July 20, 2015
I’m constantly learning that I can’t expect lives to go on forever. I tend to learn that lesson like the rolled-up newspaper to the nose. It’s not that I don’t learn the lesson the jillion times before; it’s that I forget. I suppose that does define not learning something.
The Monday is unusually quiet. I can’t get Pandora to play my Heart Meditation station. I listed to the house. The air filter just kicked on. There’s a steady whir, kind of like the ocean, but there’s not an in and out, there’s just the in. Poor thing works very hard in this house of fur and dust. I had hoped that by moving into a new house, I wouldn’t have the dust problems I had on River Road, but if I really wanted a dust-free house, I’d have to pet-free, and that’s never going to happen.
In the good old days, teachers could bring their dogs to school. I was a student teacher in a reading program the summer I brought Lucy into the fold. She was younger than I would have preferred, so I asked if I could bring the pup to work.
I was with third through fifth grade kids. They fell in love with this little ball of white gold. So wiggly and loving; she had to make sure that all kids got enough attention. But being a growing dog, she slept well. There were some back packs that were more comfortable than others. So much noise would be happening with twenty-five loose-wires moving about, but it didn’t phase her. Maybe that’s why she became such a loud snorer. In order to be heard, she had to project.
In meetings, Lucy would almost get me into trouble. She’d be sound asleep on my lap and as the talk started to get passionate, her snore would be so loud that other teachers were sure that it was me who had nodded off. I’d just point to her and shake my head.
I haven’t had that many dogs in my life even though there hasn’t been many days without having a dog in my life. But as we all know dogs don’t have a long enough lifespan. I sometimes think that it’s a cruel joke that God plays; I fall in love with this being and in a dozen years, that being’s no longer.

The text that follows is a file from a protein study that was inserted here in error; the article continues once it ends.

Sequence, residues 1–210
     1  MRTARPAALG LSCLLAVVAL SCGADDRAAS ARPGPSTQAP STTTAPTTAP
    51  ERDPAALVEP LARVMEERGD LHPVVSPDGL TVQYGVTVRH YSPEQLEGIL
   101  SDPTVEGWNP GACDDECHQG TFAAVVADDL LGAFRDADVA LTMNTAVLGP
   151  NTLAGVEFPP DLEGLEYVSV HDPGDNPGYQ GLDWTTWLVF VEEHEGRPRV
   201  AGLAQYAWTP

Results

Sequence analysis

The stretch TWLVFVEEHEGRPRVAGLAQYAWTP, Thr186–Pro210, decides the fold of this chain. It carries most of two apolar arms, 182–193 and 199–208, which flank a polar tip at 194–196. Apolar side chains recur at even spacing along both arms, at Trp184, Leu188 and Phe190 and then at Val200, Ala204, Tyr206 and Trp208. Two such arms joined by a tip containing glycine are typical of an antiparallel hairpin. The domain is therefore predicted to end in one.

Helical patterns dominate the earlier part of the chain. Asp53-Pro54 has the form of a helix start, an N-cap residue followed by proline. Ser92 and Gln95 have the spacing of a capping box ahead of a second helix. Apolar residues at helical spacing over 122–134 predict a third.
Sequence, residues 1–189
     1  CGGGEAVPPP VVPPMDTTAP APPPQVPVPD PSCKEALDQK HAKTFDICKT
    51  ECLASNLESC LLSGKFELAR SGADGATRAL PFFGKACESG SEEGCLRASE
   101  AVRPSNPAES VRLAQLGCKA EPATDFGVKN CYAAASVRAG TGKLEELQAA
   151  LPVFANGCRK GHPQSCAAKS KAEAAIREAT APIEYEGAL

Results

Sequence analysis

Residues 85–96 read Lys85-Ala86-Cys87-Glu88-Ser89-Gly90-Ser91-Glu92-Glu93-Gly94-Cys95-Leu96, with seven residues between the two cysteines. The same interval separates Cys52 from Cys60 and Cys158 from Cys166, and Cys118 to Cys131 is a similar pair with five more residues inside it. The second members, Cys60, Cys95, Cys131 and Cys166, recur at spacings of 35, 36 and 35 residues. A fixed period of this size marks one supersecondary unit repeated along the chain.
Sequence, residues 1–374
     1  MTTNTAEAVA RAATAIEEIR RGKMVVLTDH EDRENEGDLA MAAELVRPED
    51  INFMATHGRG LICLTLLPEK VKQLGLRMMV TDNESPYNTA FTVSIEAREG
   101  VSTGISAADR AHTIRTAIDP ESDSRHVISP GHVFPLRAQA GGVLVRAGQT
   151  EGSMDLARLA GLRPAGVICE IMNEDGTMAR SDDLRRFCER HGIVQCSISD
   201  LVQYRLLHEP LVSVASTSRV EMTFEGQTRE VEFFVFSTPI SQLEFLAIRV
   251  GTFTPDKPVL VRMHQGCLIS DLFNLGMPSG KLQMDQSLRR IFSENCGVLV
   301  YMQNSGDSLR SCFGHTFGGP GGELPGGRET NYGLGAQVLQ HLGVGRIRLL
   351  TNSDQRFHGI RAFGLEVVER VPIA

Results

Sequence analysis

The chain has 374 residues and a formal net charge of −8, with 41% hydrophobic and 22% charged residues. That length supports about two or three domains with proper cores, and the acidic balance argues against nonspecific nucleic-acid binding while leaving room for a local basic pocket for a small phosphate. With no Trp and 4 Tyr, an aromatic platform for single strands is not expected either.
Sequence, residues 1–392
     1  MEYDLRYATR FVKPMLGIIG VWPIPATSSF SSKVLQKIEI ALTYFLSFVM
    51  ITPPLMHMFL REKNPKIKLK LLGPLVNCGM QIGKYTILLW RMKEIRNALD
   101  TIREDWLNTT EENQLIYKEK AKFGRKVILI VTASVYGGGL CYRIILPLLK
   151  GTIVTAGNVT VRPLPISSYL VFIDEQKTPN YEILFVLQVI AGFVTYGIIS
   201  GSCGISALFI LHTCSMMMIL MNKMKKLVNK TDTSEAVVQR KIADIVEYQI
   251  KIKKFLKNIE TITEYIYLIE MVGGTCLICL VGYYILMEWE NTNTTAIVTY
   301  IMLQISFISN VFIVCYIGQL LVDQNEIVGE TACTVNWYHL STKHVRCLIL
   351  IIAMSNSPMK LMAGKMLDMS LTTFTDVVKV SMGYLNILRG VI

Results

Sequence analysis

I didn’t really know Pip. The senior Beagle. I may have a picture or two of the old dog and me as a baby.
Pip’s son, Pippet, was my rock. My foundation as I learned about the trials and pitfalls of life. I don’t think it was too long after he died that my mom died.
It took a lot of begging to get Beagle number three. Pippie or Pippy, AKA P-Dog and Poopy Dog. I don’t think I am making any of this up yet, but who knows. Another Rock of Gibraltar. I was the only one that this stubborn beast would listen to. He’s the dog I had to train with a rock. Wasn’t as bad as it sounds. His death was at a pinnacle time where I’m in-between colleges and ready to move out of my Father’s house.
Kahlua. My first son. Unplanned. Sitting in a wagon outside a store in Rhode Island. Warwick, R.I. The third floor apartment in Boston didn’t allow dogs. The studio apartment was already cramped. After a few moves to save a failing relationship, Kahlua and I hit the road and drove out to Oregon. He never liked car trips after that. Is there something stronger than the Rock of Gibraltar? I should have given one of the Beagles the Plymouth Rock or something smaller. It’s impossible to compare dogs. They are so different depending on the training. Kahlua got a lot of training, and having German Shep in him as well as Collie, this made him amazingly smart.
Following that German Shep and Collie pattern, the universe provided me with two pups from Montana almost immediately after I buried Kahlua. Harold and Maude. It was like going from a fine wine to sour grapes. I had never had two puppies at a time before, and these guys were chewers! The house. The car. Everything. I was trying to go to college and train these guys and it was crazy; they did turn into wonderful companions. Harold was more or less my dog, and Maude was Sylvia’s.
Most of my dogs aren’t planned. When Joe Sandoz, Sylvia’s cousin, offered us one of his Labrador pups, it didn’t matter that Harold and Maude were in the picture; they were slowing down, and it’s impossible to turn down a free pure bred Chocolate Labrador.
Jules. Because H & M had slowed down so much, Jules did get a lot of attention. Smart as a whip. Large vocabulary. I could buck a tennis ball over the Dome house and he would base his find on his sense of hearing; he couldn’t see where the ball landed, and he would look until he found it. I’ve never had a dog with such a long attention span.
I’ve gotten used to multiple dogs in my pack. Mostly they help me when the cycle of loss comes around. Having a young one in the mix, helps me anchor. I’ve moved from rocks to other unmoveable objects.
Lucy was Jules’ dog. My life had gotten busier, and I knew he needed a buddy. Lovely Lucy. Not the smartest tool in the shop, but still a vital instrument for this fold. Many times a day I get such a chuckle watching Lucy, Abby the Labby Number Nine, and Ricky playing. Lucy holds her own against the constant Brat attacks of Abby. Abby’s about half her age and not showing many signs of slowing down. Ricky is the sweetest boy I’ve ever had; I’m sold on rescue dogs.